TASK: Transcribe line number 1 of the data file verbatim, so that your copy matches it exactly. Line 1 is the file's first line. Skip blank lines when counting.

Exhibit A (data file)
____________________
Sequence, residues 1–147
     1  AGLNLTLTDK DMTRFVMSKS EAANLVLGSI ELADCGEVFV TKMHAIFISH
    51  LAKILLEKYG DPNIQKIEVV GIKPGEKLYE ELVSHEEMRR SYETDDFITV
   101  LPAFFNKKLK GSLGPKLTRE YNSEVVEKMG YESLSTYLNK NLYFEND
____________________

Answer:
Sequence, residues 1–147